Why Are Reliable Board Minutes So Important?
Every company, in all jurisdictions, at some point in their life span, will be required to formally hold board meetings and produce minutes which capture information, data and conflicts of interest relating to the company’s business. Imprecise minutes could be harmful to the business and therefore resolving this issue should be high on your priority list.
In this post, we will consider why taking board meeting minutes is important and discuss the overall risk to the business caused by failing to produce accurate minutes.
1. Better board meeting structure
The minutes of the company, which are a formal record, should set out the intention of the meeting, the discussions, actions and the ultimate decision(s). These types of decisions are usually recorded by terminology such as ‘resolved’, ‘approved’ and ‘recommended.’
The most common meeting intentions are:
- a review of accounts for approval
- a change of board structure/officers of the company
- annual returns/confirmation statements
- changes in share capital due to allotments, transfers and/or special share transactions
- other operational considerations
The minutes are then added to the company’s statutory books and used as an internal and external point of reference.
2. Minimising risk to the business
Due to the potential for the minutes to be reviewed at any time, these must be a true and accurate reflection of the meeting. Just because your business does not fall within a regulated classification or is not listed on a stock exchange, does not negate potential requests from the court or applicable regulatory body to review and rely on the minutes relating to a specific matter of the company.
3. Legislative and regulatory protection
Sometimes the importance of meeting actions is not given appropriate weight and consideration. They are just as important as the ultimate decision of the meeting. Their purpose is to ensure that the business is aware of any implications imposed on it by the officers of the company during the board meeting.
If the information is not communicated effectively, certain parts of the business could fail to fulfil their required duties. This could have a detrimental impact on the business, e.g. a declined bank loan/account opening request, and even civil or criminal prosecutions against the officers and/or company. In effect, a company could no longer have the operational authority to run the business.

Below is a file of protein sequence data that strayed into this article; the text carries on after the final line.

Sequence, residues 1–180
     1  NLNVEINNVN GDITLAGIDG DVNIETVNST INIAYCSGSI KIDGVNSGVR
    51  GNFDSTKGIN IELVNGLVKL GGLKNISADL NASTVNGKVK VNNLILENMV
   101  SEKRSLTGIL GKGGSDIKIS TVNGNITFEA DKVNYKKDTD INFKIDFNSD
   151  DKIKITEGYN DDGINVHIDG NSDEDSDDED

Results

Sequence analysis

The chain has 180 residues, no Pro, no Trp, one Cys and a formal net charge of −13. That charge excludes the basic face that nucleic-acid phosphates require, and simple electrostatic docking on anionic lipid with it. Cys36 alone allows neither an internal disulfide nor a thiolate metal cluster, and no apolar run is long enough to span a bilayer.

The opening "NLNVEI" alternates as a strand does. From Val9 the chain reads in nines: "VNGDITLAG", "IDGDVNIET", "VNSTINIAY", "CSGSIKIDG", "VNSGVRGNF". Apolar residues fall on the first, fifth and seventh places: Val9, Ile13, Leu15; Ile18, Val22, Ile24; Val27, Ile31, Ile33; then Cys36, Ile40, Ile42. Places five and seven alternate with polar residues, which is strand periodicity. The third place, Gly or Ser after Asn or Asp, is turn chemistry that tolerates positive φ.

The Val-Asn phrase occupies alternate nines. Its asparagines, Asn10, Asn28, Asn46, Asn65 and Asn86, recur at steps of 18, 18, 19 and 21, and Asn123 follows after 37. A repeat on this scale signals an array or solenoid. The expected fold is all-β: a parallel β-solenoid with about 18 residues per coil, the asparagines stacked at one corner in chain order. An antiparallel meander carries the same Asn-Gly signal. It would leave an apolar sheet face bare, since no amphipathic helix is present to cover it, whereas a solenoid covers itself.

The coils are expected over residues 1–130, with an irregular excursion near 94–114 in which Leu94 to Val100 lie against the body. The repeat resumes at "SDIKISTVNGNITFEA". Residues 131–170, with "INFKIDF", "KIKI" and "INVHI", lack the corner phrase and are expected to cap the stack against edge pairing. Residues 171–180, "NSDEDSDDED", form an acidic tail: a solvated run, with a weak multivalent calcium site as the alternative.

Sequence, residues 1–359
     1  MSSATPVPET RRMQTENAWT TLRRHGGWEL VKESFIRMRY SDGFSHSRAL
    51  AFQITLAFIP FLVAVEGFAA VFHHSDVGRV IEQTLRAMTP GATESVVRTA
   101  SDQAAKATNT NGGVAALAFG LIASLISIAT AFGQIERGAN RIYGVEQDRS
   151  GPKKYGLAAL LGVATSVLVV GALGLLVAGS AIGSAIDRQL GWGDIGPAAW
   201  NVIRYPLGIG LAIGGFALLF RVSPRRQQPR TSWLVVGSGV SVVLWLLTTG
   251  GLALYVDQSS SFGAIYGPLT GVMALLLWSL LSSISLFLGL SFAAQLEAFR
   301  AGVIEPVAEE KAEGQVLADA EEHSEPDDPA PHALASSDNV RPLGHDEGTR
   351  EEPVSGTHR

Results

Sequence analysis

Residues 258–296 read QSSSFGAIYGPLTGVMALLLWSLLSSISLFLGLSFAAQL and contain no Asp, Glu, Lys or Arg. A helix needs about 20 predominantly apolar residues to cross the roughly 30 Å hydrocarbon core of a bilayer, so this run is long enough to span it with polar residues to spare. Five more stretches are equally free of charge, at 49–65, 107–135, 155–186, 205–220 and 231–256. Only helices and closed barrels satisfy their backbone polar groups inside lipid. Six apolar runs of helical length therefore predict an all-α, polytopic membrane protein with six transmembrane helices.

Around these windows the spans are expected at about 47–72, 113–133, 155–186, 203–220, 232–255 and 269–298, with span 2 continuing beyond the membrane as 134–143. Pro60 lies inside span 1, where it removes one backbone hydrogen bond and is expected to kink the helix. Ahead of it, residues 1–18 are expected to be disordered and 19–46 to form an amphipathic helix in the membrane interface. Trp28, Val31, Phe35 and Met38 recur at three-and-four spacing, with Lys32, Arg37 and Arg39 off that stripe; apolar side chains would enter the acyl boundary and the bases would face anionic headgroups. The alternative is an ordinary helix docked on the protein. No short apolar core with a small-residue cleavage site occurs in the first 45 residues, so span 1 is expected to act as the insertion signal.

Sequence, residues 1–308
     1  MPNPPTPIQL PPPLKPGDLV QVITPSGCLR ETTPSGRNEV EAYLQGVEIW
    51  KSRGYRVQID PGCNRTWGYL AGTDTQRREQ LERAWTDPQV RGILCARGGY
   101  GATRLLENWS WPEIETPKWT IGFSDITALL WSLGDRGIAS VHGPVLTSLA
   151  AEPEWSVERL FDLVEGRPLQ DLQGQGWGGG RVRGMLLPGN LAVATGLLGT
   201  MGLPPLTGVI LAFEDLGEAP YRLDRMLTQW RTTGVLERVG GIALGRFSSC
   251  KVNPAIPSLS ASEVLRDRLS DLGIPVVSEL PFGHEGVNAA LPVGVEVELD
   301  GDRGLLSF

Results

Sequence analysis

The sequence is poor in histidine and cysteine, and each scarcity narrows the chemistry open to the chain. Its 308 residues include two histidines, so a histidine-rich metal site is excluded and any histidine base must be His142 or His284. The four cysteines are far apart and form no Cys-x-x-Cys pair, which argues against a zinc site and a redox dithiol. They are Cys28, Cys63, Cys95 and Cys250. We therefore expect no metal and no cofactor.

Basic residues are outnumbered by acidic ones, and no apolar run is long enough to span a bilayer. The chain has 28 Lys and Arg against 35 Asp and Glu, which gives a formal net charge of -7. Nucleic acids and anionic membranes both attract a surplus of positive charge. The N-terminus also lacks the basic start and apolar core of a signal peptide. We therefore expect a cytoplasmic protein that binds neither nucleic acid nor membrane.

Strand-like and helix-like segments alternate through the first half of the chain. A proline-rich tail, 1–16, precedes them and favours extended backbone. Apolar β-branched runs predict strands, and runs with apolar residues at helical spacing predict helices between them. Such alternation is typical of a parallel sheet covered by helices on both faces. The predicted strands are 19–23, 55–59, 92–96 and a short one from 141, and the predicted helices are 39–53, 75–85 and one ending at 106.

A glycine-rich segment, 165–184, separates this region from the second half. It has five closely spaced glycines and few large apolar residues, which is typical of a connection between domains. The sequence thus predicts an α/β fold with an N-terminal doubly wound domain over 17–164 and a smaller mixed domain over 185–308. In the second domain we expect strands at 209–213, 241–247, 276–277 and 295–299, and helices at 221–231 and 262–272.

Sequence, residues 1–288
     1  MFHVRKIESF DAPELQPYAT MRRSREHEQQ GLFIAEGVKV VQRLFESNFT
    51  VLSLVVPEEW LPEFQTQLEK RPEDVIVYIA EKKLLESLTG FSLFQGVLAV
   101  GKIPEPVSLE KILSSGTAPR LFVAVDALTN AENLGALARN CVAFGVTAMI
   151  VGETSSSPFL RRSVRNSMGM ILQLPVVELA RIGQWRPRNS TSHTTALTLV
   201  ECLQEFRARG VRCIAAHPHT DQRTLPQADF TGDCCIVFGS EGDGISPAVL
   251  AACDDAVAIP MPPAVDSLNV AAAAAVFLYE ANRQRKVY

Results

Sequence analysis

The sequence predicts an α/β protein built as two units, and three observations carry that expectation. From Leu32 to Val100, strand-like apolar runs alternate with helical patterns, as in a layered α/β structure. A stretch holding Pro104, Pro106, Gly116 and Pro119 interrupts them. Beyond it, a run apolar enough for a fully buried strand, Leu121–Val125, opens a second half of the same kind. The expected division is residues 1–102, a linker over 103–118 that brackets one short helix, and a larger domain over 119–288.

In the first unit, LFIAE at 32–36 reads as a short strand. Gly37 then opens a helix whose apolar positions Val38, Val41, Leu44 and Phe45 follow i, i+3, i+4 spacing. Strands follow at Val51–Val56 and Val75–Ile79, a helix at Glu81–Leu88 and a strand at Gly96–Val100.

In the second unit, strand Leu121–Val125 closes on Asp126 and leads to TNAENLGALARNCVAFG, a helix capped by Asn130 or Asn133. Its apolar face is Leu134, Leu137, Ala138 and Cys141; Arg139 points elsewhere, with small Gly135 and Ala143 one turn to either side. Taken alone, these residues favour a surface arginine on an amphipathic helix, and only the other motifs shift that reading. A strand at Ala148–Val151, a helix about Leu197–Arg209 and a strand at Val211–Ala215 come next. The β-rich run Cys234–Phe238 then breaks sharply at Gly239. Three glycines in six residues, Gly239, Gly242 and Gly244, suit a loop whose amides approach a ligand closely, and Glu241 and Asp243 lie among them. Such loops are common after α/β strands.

In such circumstances, a small company with limited capital might find itself in a position of not being able to meet its financial commitments and being struck off by the Registrar. A larger company should think in terms of the negative impact of press releases or dissatisfied shareholders and possible removals at board level.
Impact of meeting minutes on the company – examples
Don’t just take our word for it. Below case examples from different jurisdictions further portray how a request for board meeting minutes from external bodies, such as courts or regulated bodies, might impact your company:
- (Re: Bhagat Bros. Ltd vs Unknown 1925)
The court here considered the Indian Companies Act and the resolutions contained within a set of minutes to determine what was the agreed remuneration for a liquidator after a dispute arose as to the exact sum.
- (Re Indian Zoedone Co 1884)
The courts have been clear that minutes can be called upon in litigation proceedings and that such minutes are prima facie evidence of the intentions and decision(s) of the business. Therefore, the courts can make a decision solely based on the minutes, unless other evidence can be provided to show the contrary.
- (Municipal Mutual Insurance v. Harrop)
This case highlights the importance that decisions made in the board meeting and recorded in the minutes are the actual intention of the Company. A mention of a resolution in a board meeting that had not been drafted did not invalidate the intention and implementation of the resolution. The court stated that the board minutes gave effect to the intention of the resolution. In this instance, all bonuses became automatically pensionable as opposed to at discretion, which is what the Company had meant to implement.